If the police conduct an illegal search that violates the Fourth Amendment, any resulting evidence is subject to being suppressed from evidence, meaning that the evidence is not admissible in the government’s case-in-chief. Mapp v. Ohio, 367 U.S. 643 (1961). See also O.C.G.A. § 17-5-30. If the suppressed evidence includes drugs discovered as a result of an illegal search, the prosecution’s entire case may fall apart. Above were just a few examples of the many Fourth Amendment defenses that exist in drug cases. Only your Georgia Criminal Defense Attorney can analyze the facts of your case and determine if any of these defenses apply to your case.
If you have been accused of a drug crime (and specifically with possession of drugs), it is important to note that Georgia law recognizes two distinct types of possession: actual and constructive. Actual possession occurs when an individual knowingly has direct physical control over a thing at a given time—for example, if drugs are found in your pocket during a police search. If, however, a person does not physically possess the drugs, but knowingly has both the power and intention to exercise authority or control over them, he or she is considered to have constructive possession. For example, if drugs are found in a vehicle, overzealous police routinely charge everyone in the vehicle with possession under the doctrine of constructive possession. There are defenses to the constructive possession doctrine, though. For example, your Georgia Criminal Defense Lawyer may seek to prove, based on the facts of your case that, while you may have been in the vehicle with the illegal substance, you did not know it was there.
A drug case is something to take seriously. Most drug charges carry mandatory minimum sentences. This means that prison time is a very real possibility, and a term on probation is almost a certainty. That said, drug charges carry a range of possible sentences. In most courts, pleas may be either negotiated or blind. In a negotiated plea, your lawyer works out a deal with the prosecutor. A Georgia Criminal Defense Attorney who is skilled at negotiating and advocating for your interests is very important at this phase. Ideally, both parties are satisfied with the outcome at the end, and the negotiated deal is presented to the judge, who may accept or reject the plea deal. While jurisdictions vary, most judges are inclined to accept pleas as negotiated. Some defendants see this as a “safer” option, as they have a good idea of the likely outcome before they go before the judge.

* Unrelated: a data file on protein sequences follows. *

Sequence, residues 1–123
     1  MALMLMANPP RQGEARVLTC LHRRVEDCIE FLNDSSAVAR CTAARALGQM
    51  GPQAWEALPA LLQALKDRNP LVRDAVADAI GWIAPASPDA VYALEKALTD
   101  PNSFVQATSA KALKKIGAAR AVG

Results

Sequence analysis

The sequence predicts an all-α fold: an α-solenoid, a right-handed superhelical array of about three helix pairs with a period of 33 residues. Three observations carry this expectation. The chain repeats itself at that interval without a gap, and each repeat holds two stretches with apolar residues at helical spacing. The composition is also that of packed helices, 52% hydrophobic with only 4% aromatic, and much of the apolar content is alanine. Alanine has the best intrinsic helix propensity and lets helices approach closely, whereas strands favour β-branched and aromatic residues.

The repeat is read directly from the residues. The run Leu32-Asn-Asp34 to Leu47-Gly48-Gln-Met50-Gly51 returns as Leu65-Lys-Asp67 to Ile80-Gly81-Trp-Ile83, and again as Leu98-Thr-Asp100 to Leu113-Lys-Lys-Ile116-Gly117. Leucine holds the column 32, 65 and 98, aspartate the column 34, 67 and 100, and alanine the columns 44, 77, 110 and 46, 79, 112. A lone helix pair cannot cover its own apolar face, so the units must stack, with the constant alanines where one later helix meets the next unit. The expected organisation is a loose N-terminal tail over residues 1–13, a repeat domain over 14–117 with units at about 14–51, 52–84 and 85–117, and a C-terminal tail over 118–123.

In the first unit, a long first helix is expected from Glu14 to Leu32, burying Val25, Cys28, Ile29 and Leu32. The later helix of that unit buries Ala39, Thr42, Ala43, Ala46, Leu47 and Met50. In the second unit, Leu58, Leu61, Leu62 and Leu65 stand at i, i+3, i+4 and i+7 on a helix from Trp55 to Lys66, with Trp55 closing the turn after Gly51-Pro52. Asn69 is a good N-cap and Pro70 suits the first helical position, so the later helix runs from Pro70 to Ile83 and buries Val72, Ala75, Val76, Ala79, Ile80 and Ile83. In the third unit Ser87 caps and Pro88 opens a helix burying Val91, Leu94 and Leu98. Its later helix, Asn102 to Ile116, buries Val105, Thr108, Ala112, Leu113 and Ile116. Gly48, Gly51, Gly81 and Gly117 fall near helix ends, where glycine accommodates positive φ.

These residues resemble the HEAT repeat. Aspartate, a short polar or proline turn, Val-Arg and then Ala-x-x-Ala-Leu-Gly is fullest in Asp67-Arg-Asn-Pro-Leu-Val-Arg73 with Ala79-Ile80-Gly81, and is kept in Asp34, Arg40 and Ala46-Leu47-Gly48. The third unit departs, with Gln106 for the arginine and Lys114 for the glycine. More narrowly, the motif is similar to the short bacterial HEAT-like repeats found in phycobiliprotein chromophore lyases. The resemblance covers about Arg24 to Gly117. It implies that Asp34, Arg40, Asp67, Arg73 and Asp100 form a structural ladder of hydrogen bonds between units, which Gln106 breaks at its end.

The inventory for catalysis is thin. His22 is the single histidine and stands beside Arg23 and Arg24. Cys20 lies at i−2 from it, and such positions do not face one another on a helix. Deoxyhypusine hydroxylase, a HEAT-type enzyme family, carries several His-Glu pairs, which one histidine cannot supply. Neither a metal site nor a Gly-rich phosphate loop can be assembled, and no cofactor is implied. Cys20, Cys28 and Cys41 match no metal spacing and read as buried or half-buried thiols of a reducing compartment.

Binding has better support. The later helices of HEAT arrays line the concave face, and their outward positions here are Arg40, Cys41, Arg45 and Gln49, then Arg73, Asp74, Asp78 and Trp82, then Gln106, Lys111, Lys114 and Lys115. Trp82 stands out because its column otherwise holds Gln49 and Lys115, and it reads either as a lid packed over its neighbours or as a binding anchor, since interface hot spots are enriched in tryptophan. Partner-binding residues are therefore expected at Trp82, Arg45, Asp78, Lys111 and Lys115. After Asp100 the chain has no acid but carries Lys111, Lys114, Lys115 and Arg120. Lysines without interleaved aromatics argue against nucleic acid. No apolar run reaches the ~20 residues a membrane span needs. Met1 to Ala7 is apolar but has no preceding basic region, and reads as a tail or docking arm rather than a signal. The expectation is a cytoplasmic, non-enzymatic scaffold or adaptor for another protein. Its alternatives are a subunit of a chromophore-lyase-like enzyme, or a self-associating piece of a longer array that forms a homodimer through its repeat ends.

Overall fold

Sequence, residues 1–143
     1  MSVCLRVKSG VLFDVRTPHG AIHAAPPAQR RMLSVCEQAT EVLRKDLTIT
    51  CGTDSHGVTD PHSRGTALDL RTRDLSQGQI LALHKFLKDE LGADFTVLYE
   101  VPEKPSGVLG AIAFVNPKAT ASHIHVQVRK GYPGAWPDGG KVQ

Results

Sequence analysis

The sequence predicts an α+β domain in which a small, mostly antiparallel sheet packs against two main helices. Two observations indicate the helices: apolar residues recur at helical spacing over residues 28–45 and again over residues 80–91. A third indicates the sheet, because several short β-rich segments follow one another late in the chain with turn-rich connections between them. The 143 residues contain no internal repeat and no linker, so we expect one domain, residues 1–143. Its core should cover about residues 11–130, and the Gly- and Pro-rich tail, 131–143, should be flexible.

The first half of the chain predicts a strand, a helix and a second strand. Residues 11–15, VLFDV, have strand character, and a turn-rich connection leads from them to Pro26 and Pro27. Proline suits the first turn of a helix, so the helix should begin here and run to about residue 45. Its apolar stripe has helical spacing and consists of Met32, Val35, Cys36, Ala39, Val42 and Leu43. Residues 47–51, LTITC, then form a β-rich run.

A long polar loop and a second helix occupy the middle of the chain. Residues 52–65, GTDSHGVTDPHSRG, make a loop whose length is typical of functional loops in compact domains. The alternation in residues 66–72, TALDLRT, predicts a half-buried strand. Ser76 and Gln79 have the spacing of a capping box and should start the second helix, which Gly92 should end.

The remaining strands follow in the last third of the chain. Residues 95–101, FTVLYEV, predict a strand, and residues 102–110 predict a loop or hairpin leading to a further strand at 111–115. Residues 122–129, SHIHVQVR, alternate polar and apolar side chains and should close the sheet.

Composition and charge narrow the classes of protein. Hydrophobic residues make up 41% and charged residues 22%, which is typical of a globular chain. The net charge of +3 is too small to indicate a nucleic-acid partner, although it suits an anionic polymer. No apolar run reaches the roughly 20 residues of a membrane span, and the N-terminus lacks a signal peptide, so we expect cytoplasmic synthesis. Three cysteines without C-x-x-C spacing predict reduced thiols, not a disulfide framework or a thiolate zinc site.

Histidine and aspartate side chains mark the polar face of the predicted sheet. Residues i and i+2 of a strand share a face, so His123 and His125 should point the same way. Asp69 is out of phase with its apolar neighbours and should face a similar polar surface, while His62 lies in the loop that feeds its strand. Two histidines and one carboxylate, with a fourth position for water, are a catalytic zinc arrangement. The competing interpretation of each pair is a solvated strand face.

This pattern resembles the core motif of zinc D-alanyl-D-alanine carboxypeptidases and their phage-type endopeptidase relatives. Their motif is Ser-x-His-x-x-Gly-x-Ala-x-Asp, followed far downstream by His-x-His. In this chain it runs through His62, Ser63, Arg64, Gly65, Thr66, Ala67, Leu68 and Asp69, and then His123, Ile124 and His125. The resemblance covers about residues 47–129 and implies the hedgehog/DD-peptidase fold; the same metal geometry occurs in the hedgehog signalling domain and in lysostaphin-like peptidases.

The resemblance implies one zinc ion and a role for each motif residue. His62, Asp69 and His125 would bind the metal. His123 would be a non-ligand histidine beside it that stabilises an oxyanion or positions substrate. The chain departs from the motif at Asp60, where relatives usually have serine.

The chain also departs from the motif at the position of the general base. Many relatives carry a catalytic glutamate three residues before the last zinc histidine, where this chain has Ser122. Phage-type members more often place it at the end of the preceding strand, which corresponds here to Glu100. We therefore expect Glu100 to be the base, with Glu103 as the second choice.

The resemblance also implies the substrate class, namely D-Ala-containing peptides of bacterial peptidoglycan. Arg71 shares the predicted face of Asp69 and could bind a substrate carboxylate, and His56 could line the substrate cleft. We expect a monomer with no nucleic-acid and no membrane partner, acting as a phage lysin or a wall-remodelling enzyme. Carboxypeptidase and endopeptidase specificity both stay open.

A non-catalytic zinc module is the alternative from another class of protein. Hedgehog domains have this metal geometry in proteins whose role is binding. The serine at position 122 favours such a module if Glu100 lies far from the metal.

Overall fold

Sometimes, though, prosecutors are not willing to make acceptable offers. In that case, defendants may opt for a “blind” plea. During a blind plea, the State makes its recommendation for an appropriate sentence to the judge, and the Defense does as well. The judge may do whatever he or she desires, so long as it is within the sentencing range. Here, it is essential to have an experienced courtroom attorney on your side who can plead your case to the judge.
Ultimately, it is very beneficial to have a Georgia Criminal Defense Attorney on your side during all phases of a drug case. Different jurisdictions, and ever different judges within jurisdictions, handle drug cases very differently. For example, a defendant with a felony drug case in Fulton County is looking at a much different outcome than one in Coweta or Lumpkin Counties. You need an attorney who knows the law, understands the defenses, who knows the jurisdictions, and can successfully advocate on your behalf.
I understand the complexities of Georgia Drug Offenses and know how to look at the individual case circumstances to build the strongest possible defense. Contact my office today for a free consultation for the experienced support you need for your case.
- Possession of Marijuana, Less than One Ounce
- Possession of Controlled Substances
- Distribution, Sale, Manufacture, or Possession with Intent to Distribute a Controlled Substance
- Possession of Drug Related Objects
- Drug Trafficking Cases
- Possession in School Zone
- Possession in Housing Project
- Possession in Drug-Free Zone
- DUI Drugs
- Drug Cases in Juvenile Court